DAY in, day out, we are warned of “more pain to come”, markets and economies in “free fall”, and “the deepest recession on the record.”
Swift on the heels of news that Covid-19 infections worldwide had hit over a million, came the latest data of 10 million US jobless claims in two weeks.
Never before has the burden of steering the rocking ship, that is the global economy, been so heavy on governments and central banks.
Can they succeed, or only mitigate the severe damage that this pandemic is causing?
According to Socio Economic Research Centre executive director Lee Heng Guie(pic below), despite the trillions of dollars pumped in, they can soften the blow of the economic damage and financial fallout, but they may not be able to avoid an outright recession.
Fiscal measures which are already pouring in, need to be huge enough to counter the severe impact, says Malaysian Rating Agency associate director, economic research division, Nor Zahidi Alias, noting that monetary policy has its limitations.
In the last financial crisis, a slow pick-up in lending growth in the United States was a key reason for the sluggish recovery, despite massive liquidity injections by the Federal Reserve.A “deep global recession” with world economic activity declining by 1.9% in 2020, is Fitch Ratings’ baseline forecast.
The United States, eurozone and Britain are expected to decline by 3.3%, 4.2% and 3.9% respectively while the recovery in China, which may register annual growth of below 2%, will likely be curtailed by the global recession.The United States, which will likely face the “deepest recession on record” at nearly five times more severe than the post-war average, could see as many as 20 million jobs lost, with the unemployment rate running up to 15.6% from the current 3.5%, according to the Bank of America.
Taking the example of China, the impact of the lockdown on real Gross Domestic Product (GDP) was significant, and this loss in output is likely to be repeated in other countries in lockdown, says RHB Research Institute chief Asean economist Peck Boon Soon.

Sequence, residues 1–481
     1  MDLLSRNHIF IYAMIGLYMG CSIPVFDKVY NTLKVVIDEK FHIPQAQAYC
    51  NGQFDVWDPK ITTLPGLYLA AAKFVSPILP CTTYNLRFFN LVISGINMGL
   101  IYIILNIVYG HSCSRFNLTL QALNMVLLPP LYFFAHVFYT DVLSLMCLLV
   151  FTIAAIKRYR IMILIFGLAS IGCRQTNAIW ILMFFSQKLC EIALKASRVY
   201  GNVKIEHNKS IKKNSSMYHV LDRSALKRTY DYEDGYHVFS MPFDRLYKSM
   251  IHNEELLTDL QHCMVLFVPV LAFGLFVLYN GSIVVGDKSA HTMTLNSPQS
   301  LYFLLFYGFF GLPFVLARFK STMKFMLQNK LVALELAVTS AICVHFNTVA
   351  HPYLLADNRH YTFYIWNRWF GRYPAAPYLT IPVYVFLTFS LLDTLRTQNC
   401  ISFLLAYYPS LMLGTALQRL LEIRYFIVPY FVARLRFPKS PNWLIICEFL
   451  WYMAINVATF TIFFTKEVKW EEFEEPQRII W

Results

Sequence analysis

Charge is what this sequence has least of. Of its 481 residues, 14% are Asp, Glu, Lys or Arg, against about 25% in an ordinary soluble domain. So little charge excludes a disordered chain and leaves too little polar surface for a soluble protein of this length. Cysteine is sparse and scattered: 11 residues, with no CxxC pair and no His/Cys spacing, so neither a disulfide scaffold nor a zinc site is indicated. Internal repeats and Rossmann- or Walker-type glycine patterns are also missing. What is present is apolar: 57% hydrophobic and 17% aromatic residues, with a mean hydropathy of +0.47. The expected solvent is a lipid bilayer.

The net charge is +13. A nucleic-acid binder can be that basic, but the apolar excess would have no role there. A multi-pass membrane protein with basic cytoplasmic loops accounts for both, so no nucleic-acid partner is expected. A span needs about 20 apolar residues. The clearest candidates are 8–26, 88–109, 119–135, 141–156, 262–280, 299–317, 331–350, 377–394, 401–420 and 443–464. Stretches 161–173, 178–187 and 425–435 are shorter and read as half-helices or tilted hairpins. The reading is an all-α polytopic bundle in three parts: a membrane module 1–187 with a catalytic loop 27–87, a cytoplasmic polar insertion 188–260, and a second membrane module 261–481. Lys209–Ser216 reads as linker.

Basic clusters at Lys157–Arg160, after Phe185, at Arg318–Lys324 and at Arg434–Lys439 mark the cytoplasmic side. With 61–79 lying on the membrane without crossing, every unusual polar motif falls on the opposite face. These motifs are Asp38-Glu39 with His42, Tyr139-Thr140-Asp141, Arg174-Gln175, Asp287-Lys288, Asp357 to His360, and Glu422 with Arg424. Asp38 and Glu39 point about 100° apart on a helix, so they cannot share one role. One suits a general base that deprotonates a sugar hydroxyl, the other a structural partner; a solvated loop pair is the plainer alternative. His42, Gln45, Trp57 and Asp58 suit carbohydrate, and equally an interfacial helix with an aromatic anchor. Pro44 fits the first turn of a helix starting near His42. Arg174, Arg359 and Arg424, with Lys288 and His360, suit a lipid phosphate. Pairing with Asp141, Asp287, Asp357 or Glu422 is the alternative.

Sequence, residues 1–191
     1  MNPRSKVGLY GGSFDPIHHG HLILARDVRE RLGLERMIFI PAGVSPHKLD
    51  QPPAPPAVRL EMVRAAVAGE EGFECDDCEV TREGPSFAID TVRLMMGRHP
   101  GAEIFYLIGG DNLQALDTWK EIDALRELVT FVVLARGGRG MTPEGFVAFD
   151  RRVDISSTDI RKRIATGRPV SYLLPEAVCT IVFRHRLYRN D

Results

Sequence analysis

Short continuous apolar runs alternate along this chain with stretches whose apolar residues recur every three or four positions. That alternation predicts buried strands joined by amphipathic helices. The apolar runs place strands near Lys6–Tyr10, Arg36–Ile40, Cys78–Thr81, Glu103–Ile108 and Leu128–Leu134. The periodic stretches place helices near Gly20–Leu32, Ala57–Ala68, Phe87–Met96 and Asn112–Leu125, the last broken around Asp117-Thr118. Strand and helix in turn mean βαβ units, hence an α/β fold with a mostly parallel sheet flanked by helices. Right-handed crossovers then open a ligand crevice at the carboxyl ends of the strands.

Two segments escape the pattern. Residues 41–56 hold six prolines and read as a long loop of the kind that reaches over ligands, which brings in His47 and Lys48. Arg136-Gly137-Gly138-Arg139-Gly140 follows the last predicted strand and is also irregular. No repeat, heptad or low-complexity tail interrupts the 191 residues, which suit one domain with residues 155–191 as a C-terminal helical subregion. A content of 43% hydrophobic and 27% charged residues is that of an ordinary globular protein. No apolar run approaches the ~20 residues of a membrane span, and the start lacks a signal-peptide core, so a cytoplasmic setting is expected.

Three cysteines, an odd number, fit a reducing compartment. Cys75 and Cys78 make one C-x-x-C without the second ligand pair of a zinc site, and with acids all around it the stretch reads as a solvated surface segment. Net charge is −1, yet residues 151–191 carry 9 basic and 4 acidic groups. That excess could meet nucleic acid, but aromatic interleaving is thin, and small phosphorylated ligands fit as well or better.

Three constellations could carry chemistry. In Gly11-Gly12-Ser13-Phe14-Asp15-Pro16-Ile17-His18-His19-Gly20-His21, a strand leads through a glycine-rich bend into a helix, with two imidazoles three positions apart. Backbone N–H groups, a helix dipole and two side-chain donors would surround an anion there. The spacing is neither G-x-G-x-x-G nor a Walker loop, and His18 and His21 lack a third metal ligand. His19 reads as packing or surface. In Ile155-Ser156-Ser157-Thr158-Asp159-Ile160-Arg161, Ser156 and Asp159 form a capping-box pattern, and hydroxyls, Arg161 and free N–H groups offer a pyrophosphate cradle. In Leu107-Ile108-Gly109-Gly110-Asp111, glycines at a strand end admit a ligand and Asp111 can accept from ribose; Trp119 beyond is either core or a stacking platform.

Output in China fell by 13.3% year-on-year, while investment and retail sales plunged by 24% in January and February.
In the United States, there is a lot of uncertainty on how things will turn out, as the control measures involve social distancing and closure of shops only.
More drastic movement control measures may be required in the United States, and these will likely have a greater impact on the economy; the longer it drags on this decision, the worse it may be on them.
The task of saving jobs not just among big businesses, but also small ones that form a large part of the economy, is now gaining more traction among governments.
Governments should help as many small businesses as they can to retain their workforce, said Federal Reserve president Neel Kashkari, as keeping workers attached to their businesses will later help the economy to “turn back on” more quickly.
Citing the experience in 2008, when there were “millions and millions and millions of Americans losing their jobs, it took more than a decade to put the labour market back together, ’ said Kashkari, as reported by Reuters.Priority is placed on employee retention; if the current programme runs out of money, President Donald Trump said he would “immediately” seek further funding from Congress.
In Malaysia, ample liquidity released into the banking system can be used for lending especially to businesses faced with declining revenue against fixed costs.
This injection of fresh funds through business lending can help the economy recover, said Zahidi, noting that in 2009, loan approvals for businesses fell on an average of 28% between mid-2008 and mid-2009.
In the United States, banks are already flooded with calls from cash-strapped customers; they also face the risks of extending loans to small businesses even if these are guaranteed by the government.
The depth and duration of the recession will be key in gauging when the global economy will recover, and it may be an uneven recovery. While a V-shaped recovery is envisaged in China, the US economy may take longer to rebound, as the outbreak has spread and will probably run its course until the third quarter. The global economy may gradually recover in the fourth quarter of 2020, according to Lee.
A quarter of deep contraction is likely for countries including Malaysia, as the impact of the huge stimulus plans will only become more visible when the pandemic is under manageable control, probably in late 2020, according Peck.
As 35 organisations race to create a vaccine, Boston-based biotech company Moderna, will likely begin human trials soon.Columnist Yap Leng Kuen is monitoring developments in the race for a vaccine.
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